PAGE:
What is Flat Head Syndrome?

What is Flat Head Syndrome?

Flat head syndrome is the umbrella term for a flat head condition which can appear in babies or infants due to continued pressure applied to a particular area on the head in infancy. The deformity may be present at birth or become apparent during the first few months of the infant’s life.

There are two types of flat head syndrome:

Plagiocephaly: a deformation of the head marked by an oblique slant to the skull surface, usually the side of the head, which in severe cases can also result in facial, cheek, jaw and ear asymmetry. The most common form is called positional plagiocephaly. The flattening usually occurs in the parietal region, above and behind the ear. Facial asymmetry may be apparent in the forehead region and the eyes and ears may also be misaligned.

Brachycephaly: occurs when a baby has a wider than normal head with the flattening across the back of the skull. The width of the head is often disproportionate to the depth of the baby’s head. It is quite usual to see a combination of brachycephaly and plagiocephaly, presenting as a wide, asymmetric head shape.

Causes of Flat Head Syndrome
Babies can be at risk of flat head syndrome because their skull remains soft and pliable in the earliest stages of their life. This pliability is because the several plates of bone which fuse the skull together are initially loose, gradually joining as your baby gets older.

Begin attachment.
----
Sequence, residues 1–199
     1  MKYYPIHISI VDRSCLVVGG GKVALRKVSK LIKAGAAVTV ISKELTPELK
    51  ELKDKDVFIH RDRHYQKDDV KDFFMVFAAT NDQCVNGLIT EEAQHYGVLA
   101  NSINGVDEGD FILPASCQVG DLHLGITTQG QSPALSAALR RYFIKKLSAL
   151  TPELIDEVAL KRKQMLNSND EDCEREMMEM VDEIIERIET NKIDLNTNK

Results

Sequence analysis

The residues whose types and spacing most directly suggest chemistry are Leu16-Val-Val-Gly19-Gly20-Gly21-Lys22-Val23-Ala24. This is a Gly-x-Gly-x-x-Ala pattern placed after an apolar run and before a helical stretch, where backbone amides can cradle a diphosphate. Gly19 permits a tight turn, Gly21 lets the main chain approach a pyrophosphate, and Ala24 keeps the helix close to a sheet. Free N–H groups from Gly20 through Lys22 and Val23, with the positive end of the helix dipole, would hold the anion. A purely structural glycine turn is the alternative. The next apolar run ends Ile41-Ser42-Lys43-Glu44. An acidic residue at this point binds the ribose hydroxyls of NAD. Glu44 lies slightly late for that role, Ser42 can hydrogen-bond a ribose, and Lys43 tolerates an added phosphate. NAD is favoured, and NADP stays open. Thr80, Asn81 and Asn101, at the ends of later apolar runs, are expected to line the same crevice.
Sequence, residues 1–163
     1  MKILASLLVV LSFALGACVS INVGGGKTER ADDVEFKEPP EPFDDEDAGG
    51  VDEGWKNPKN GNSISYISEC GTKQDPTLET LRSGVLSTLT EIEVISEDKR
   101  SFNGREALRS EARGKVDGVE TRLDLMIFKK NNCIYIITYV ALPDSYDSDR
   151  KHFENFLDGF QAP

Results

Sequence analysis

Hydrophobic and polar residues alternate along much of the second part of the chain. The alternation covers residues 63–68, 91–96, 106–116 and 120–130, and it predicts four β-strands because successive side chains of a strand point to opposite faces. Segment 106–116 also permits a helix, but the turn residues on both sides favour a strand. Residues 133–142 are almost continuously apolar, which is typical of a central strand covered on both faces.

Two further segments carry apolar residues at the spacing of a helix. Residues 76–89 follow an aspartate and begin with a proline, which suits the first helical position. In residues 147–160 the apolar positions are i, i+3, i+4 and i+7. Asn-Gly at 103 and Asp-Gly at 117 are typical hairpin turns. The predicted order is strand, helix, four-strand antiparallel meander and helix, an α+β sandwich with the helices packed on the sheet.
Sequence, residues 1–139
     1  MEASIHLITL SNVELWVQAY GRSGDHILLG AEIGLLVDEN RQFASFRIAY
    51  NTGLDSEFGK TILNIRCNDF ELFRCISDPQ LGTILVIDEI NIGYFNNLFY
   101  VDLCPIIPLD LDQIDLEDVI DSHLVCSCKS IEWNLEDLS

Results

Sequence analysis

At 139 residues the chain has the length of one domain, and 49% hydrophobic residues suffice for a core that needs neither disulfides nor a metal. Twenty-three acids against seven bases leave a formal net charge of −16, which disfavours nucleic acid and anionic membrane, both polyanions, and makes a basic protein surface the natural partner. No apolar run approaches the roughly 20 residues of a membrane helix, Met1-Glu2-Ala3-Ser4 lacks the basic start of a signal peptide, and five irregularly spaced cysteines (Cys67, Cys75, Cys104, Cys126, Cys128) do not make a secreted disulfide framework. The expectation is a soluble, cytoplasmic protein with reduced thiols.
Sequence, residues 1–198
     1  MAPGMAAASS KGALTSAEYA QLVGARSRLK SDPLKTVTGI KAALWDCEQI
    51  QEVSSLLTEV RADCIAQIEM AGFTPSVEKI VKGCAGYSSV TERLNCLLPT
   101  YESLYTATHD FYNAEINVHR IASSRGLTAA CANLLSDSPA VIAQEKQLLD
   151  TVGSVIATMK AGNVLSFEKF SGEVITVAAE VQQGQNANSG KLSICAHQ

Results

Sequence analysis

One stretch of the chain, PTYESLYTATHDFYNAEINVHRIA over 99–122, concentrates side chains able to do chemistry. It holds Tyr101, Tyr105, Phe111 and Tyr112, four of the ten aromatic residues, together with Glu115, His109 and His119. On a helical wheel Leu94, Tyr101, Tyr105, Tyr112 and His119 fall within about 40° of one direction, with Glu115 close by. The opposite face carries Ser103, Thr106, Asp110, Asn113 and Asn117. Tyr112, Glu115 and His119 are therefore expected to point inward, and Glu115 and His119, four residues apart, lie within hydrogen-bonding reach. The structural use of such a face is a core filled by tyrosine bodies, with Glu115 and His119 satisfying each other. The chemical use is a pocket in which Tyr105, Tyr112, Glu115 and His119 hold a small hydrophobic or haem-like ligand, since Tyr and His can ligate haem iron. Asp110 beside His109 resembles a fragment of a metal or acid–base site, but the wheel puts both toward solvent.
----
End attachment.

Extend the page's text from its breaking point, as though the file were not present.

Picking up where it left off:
Deformities can also occur before your baby is born, this is called positional moulding. The re-moulding of the skull may occur in the uterus due to restricted space in the womb. This frequently occurs in multiple births (i.e. twins or triplets) or those requiring assisted delivery (intrapartum moulding). Deformities can also occurring during birth, as the baby travels through the birth canal. Passage through the birth canal can cause temporary cranial deformity and it is common for the baby to have an oddly shaped during the first few days or weeks after birth. The majority of such deformities improve naturally during the early months of an infant’s life without any need for treatment. The exception occurs when the infant is consistently positioned in a way that exerts pressure on one particular area of the head, turning a minor plagiocephalic deformity into a potential long-term problem requiring treatment. The incidence of flat head syndrome is higher in infants born prematurely as their heads tend to be softer and more prone to moulding.

Paediatricians have reported a sharp increase in the number of children with cranial deformities in recent years, particularly unilateral flattening of the occipital bone at the back of the head. This is generally attributed to the back to sleep campaign, which has dramatically reduced the incidence of cot death or SIDS (Sudden Infant Death Syndrome) but also left many babies with permanent head shape deformities.

Parents should always place their babies on their backs when sleeping. However, during the day when the infant is awake and the parent is with them, they should spend at least half of their waking hours without pressure on the back of the skull to allow it to reshape naturally. If no improvement is seen by the age of five months, flat head syndrome treatment may be worth considering.